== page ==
The (Bad) Design of Everyday Things (Part 2)

On 2010/04/17, in Design, by Greg Woods

Recent trends in bathroom design. Often seen in hotels, but increasingly so in residences. Put style ahead of usability, longevity and maintainability. Here are some observations, i.e. a rant, from a recent hotel stay in Lisbon.

Bath and sink plugs with ‘fancy’ mechanisms

What could go wrong with a plug? make it rigid, i.e. cool looking crome, and fit an o-ring to make the seal. Or, construct it from a more flexible platic so it forms it’s own seal. Prevent it from going walkies with a short length of chain. Job done. This simple design has worked for at least a hundred years.
The problem is, it’s not neat. At least not from an architect or designers viewpoint. It isn’t integrated, smooth, flush, nice. So, the integrated plug, in a variety of designs, has been fashioned. Some use a pushrod situated behind the tap, just where you can’t see it. Many baths have the plug mechanism fitted to the fancy chrome cover for the bath overflow. You must rotate the bath overflow cover to close the plug. What!? Where did that idea come from. Reminds me of the “he doesn’t know how to use the shells [snigger]” from the film Demolition Man when Stallone’s character needs toilet paper.
Once you do figure out where the plug closing control is situated, you push and pull, then push and pull it again. You have to do this ritual, because you have no idea which way closes the plug. Nothing intuitive tells you which way it is. Often pushing down on the control pops the plug up, but I this isn’t guaranteed. Add to this, the fact that the amount of plug movement is often so small, that you can’t tell if you’ve moved it the right way. This limited movement – the lack of feedback, may have been part of a bad design, or could just be that the under-specified linkages have bent. Give a human being a control to interact with and you’d better make sure it’s designed to take a lot of abuse because at some stage some idiot is going to exert enough force to damage it in some manner. The design, materials, and build quality are never up to scratch. I’ve lost count of the number of bathrooms where the only way to let the water out is to remove the plug with fingernails, a penknife or a sharp key. Then, the only way to stop it closing again is to pull the whole thing out of the plug hole, and leave it for the chambermaids to ‘fix’ the next morning.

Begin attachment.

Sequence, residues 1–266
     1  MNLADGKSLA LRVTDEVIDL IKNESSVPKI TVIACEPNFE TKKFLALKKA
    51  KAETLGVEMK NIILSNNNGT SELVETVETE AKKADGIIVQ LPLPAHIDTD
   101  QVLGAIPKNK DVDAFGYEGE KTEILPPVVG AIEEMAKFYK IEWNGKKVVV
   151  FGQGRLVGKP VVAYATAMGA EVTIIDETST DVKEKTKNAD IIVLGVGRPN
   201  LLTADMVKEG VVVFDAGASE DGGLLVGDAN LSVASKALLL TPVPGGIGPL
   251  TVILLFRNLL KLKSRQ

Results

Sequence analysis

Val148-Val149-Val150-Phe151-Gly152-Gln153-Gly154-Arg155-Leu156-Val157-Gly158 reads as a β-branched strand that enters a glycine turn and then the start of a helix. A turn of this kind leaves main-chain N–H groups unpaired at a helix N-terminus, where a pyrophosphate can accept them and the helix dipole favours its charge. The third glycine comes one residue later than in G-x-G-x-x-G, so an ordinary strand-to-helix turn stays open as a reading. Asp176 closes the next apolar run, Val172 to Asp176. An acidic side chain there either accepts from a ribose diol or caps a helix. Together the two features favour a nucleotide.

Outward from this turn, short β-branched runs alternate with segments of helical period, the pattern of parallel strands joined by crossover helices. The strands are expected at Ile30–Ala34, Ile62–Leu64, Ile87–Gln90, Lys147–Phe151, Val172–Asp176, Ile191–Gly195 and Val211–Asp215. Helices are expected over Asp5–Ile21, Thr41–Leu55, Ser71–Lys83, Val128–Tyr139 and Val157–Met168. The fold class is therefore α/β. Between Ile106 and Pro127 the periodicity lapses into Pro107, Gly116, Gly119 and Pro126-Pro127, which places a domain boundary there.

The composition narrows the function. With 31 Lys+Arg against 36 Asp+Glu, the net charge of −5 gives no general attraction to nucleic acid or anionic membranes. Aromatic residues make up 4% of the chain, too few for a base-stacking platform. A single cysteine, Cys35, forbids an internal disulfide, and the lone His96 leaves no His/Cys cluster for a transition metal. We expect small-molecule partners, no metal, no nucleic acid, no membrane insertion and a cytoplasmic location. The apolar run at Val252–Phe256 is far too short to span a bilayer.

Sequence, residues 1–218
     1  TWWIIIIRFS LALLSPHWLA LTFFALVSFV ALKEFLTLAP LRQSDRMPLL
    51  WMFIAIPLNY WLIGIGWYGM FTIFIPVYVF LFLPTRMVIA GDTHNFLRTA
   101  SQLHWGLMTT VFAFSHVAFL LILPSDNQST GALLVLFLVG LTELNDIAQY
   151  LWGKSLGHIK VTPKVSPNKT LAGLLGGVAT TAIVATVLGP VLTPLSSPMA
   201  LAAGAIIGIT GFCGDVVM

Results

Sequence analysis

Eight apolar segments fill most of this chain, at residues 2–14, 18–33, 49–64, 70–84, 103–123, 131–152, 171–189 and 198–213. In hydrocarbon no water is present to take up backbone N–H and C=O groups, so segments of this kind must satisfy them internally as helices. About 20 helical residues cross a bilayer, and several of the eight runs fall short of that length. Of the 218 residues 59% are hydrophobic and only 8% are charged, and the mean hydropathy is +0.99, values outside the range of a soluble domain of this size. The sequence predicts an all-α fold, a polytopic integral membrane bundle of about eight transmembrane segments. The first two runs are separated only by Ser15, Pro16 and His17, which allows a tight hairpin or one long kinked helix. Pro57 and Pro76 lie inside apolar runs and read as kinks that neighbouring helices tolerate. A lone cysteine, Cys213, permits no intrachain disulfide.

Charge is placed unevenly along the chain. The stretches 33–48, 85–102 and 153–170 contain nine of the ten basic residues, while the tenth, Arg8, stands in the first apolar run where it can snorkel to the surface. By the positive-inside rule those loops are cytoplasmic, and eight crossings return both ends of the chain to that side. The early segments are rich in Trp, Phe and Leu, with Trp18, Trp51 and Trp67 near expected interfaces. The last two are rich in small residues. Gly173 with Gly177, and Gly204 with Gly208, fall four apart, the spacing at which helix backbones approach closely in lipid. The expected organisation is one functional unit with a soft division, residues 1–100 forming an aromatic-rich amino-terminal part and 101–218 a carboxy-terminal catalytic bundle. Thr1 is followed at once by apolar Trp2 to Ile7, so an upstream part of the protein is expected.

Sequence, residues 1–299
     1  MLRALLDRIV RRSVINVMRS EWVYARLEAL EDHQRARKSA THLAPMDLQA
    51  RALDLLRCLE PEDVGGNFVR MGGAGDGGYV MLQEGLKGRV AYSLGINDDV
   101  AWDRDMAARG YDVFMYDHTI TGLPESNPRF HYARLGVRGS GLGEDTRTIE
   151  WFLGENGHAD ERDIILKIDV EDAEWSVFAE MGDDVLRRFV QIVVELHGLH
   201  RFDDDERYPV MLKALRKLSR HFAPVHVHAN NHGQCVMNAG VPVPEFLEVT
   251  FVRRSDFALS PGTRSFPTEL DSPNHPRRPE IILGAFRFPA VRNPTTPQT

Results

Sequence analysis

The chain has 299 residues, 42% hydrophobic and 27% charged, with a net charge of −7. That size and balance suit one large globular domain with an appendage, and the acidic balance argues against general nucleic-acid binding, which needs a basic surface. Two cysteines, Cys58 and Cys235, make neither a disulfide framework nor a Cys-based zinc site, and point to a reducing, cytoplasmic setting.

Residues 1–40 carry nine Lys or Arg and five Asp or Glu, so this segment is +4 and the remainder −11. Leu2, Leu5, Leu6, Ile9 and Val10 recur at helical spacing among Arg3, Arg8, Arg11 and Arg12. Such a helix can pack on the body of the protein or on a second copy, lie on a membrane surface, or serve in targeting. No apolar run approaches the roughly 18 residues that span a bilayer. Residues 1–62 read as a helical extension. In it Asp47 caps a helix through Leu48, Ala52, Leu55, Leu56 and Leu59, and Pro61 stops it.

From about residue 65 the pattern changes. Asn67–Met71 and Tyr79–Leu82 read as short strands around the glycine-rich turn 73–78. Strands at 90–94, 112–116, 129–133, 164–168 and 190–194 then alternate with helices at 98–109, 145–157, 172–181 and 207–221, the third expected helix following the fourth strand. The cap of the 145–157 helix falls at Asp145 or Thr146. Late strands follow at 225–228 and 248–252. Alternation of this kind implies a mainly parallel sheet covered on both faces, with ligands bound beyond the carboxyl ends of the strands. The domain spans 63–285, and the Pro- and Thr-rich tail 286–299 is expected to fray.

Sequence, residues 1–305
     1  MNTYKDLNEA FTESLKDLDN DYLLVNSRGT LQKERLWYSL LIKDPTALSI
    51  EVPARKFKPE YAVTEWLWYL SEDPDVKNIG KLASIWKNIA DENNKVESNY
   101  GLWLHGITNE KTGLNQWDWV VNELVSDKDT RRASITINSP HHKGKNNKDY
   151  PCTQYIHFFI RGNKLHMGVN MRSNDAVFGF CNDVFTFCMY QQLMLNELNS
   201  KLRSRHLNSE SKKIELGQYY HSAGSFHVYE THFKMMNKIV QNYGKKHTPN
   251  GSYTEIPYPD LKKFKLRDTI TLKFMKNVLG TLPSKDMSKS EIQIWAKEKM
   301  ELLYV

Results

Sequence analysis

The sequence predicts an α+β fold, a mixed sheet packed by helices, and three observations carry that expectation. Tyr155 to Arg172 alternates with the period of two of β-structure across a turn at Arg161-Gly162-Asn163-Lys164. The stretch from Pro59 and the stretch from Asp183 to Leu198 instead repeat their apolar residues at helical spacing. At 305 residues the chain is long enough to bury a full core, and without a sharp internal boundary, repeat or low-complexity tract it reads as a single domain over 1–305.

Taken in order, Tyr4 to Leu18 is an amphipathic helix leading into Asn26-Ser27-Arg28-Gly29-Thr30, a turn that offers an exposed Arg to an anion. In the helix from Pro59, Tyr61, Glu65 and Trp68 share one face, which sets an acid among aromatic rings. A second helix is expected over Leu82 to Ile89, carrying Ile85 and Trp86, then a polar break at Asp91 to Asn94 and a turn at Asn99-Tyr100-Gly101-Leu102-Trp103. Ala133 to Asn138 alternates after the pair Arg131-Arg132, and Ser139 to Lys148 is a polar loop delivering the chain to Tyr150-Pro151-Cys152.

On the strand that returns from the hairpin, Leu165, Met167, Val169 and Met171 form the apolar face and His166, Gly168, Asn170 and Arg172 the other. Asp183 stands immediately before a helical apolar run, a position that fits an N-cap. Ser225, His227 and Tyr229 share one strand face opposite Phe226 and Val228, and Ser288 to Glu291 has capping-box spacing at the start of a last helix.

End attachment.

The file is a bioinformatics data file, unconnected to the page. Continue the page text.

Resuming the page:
As a final insult added to injury is the fact that even during the short timespan that these plugs actually work, they never drain as a traditional plug on a chain. I tend to be a bit grossed out if I spit my toothpaste dregs into a sink, and have to watch it swirl around for 2 minutes before it eventually disappears down the hole. But maybe I’m alone on this one.

What is the solution? First, stick to a method of control that is blindingly obvious. A plug on a chain is one example. A lever can work too, but make it feel like you are directly controlling the plug (that rules out the woolly feeling pneumatic ones), and give visual feedback by making the plug move a decent distance.


If you are involved in interactive design in any way – be it shower heads or software, then ‘The Design of Everyday Things’ is a must read. Click the image to buy from Amazon.co.uk.

 

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